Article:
“Prisoners of conscience in the hands of bandits and thieves / Order will be disturbed in reality, not in dreams / The force of pressure will push the spring of freedom,” ring out the lyrics to “Right Now,” a new song by Russian rockers Mirolyubivnoye Morye (“Peaceful Sea”).
“Peace to all, not war / In 100 years, instead of thorns and soot, we will see stars.”
In their home country, this uncompromising anti-war song would have put the band’s members at risk of fines or prison time under harsh wartime censorship laws passed after the invasion of Ukraine.
But they are free to perform their message-driven music in the Georgian capital of Tbilisi — where they, and tens of thousands of other Russians, have relocated following Moscow’s invasion.
“We can come and give concerts, sing our own songs in our own language and no one tells us not to,” said band member Yevgeny Chuvilin.
“We are pleased; we were worried that there would be a negative reaction.”
With no end to the war in sight — and little incentive to return home now that Russia is mobilizing its military reserves to fight in Ukraine — many of the estimated 80,000 Russian newcomers to Georgia are putting down roots.
“I spent my first month in Georgia exactly like this, resting from Moscow,” said band member Pavel Tarletskiy, 23, reclining in a hammock on a terrace in northern Tbilisi.
“But the true purpose of my trip was to write music, meet old friends and find new ones,” he added.
Upon arriving in Tbilisi this summer, he reunited with friends and fellow Moscow musicians Chuvilin, Denis Baryshsever and Gleb Shumov, who were some of the first to flee to the Georgian capital in reaction to the Kremlin’s assault on Ukraine in late February.
The young men were members of two separate bands that had enjoyed success in Russia. Pavel and Yevgeny lead Denaturation and describe their style as alternative hip-hop. Gleb and Denis’s band, Mirolyubivnoye Morye, play a fusion of reggae and punk.
Tbilisi is both a new home and fresh musical base for the four musicians: they’ve built a makeshift studio in Gleb’s bedroom and transported their instruments and equipment from Moscow so they can continue to write and release music independently.
“We work as one unit and help each other write songs for our individual bands,” Pavel said, describing their collaboration as a “supergroup.”
They also spend time collaborating with other musicians in the local scene, including fellow Russian emigrants.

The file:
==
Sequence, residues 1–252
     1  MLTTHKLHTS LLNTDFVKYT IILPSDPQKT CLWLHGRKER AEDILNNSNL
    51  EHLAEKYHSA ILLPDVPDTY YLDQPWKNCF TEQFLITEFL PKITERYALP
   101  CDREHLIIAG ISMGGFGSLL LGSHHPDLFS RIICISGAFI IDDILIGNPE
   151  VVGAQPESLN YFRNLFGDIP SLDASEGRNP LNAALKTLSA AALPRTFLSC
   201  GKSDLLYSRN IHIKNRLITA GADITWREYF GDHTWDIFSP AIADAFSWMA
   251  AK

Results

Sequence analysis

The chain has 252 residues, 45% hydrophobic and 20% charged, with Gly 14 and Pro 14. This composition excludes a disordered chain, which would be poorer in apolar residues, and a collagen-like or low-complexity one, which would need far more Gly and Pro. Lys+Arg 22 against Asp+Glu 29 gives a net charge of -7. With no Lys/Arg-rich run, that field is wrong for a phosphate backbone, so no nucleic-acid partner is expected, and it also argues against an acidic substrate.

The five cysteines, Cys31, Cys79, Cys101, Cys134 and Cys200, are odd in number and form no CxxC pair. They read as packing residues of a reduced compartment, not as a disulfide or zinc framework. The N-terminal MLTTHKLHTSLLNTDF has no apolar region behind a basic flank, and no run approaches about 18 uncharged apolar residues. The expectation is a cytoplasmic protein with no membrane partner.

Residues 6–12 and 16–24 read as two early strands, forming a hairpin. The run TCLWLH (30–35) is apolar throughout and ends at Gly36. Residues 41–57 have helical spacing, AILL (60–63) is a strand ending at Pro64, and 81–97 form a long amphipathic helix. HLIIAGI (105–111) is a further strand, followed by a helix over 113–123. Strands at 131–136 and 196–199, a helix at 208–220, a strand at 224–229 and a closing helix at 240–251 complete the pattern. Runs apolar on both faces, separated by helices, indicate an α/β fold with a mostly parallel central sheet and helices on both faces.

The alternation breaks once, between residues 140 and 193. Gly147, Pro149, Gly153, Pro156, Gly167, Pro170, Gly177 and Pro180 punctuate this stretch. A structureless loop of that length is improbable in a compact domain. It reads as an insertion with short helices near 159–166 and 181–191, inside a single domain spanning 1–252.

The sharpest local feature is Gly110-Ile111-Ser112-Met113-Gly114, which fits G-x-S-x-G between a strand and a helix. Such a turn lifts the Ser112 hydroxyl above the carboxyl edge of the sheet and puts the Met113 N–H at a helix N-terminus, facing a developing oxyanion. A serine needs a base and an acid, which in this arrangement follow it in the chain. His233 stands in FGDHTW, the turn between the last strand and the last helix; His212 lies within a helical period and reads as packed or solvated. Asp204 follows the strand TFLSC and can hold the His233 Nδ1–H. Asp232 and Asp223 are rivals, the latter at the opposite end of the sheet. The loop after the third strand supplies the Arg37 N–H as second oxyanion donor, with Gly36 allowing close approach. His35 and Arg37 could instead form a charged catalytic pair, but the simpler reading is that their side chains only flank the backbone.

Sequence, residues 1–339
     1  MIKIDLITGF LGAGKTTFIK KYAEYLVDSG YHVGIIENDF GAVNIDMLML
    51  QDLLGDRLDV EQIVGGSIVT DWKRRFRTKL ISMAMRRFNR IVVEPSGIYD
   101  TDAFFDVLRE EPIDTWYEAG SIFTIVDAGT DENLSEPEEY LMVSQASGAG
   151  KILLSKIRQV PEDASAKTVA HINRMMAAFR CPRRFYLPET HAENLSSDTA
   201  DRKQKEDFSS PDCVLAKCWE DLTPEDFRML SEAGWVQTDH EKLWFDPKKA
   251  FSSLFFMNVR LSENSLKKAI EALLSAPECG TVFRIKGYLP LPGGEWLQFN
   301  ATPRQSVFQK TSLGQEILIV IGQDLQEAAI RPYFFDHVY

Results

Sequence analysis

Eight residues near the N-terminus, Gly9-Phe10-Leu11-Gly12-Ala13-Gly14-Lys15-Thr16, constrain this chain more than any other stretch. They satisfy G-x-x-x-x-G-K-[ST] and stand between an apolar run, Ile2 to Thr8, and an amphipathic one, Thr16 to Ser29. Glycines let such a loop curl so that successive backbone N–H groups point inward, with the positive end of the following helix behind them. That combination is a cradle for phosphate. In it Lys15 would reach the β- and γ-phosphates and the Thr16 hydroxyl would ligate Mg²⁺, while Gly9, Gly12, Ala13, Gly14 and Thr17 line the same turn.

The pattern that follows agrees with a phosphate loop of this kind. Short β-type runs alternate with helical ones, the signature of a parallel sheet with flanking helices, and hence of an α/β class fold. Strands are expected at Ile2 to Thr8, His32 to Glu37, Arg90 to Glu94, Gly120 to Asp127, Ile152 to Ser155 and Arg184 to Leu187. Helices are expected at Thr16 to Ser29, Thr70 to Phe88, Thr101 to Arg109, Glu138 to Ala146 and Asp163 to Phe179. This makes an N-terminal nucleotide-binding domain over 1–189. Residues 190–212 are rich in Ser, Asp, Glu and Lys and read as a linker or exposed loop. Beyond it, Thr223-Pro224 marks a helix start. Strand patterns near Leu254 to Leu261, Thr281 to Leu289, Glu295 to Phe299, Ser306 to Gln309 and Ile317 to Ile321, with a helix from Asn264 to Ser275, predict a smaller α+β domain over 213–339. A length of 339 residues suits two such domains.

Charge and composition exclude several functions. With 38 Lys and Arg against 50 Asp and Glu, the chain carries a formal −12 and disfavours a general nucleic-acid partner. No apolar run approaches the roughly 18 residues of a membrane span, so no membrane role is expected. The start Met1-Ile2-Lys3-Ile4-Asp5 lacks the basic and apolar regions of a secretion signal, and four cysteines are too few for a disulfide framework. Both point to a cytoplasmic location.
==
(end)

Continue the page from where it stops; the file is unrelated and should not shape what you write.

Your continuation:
“Tbilisi itself is a great place for our music,” Pavel said. “We have made a huge step forward here.”
Keen to rebuild their offline fan base from scratch, the musical hybrid has already performed several concerts in Tbilisi, with crowds made up of new arrivals and longtime residents alike.
As artists, Pavel, Yevgeny, Denis and Gleb have a message to spread and a sound to share. But as immigrants in their early 20s, they face an additional challenge: assimilating and integrating into a new country.
Pavel said fellow emigrés have been a crucial source of camaraderie. The four bandmates spent their first months in Tbilisi working to renovate their rented home, intending for it to become a hub for other newcomers.
“We are more united because of the war,” Pavel explained. “We all came to a new country, everyone is in the same boat; we have all left home, everyone is trying to recreate their own worlds from zero, and people help each other.”
Georgians have also been welcoming and hospitable, they said.
“It’s written on our faces that we’re not local,” Yevgeny said. “They ask us how we're finding it here, whether we’re settling in.”
The group sees Tbilisi as a place where they hope to truly entrench themselves and become a part of the community.
“We have ended up here and we will be useful here,” Denis said, putting a spin on the old Russian saying “Где родился, там и пригодился” (Where you were born is where you’ll be of use).
“I much prefer what I’ve been doing here,” Pavel added. “I feel needed. It’s a good chance for us to spread our music to other countries.”
As the likelihood of returning home in the near future continues to shrink, the four musicians say they are committed to establishing themselves here as progressive young artists.
“I probably can’t spend a lot of time in Russia now,” said Gleb. “I have a new life here.”
Pavel absentmindedly stroked the head of the band’s adopted kitten, Lari, as he considered his answer to the question, “Where do you think you’ll be in five years’ time?”
“I don’t know,” he said, arms raised in a shrug.
“I don’t know what will happen tomorrow. Who could have imagined we would survive two years of a pandemic, and then there would be a war? I am going to live life, do what I like; write songs, perform concerts, be with friends. In these times you can’t be alone.”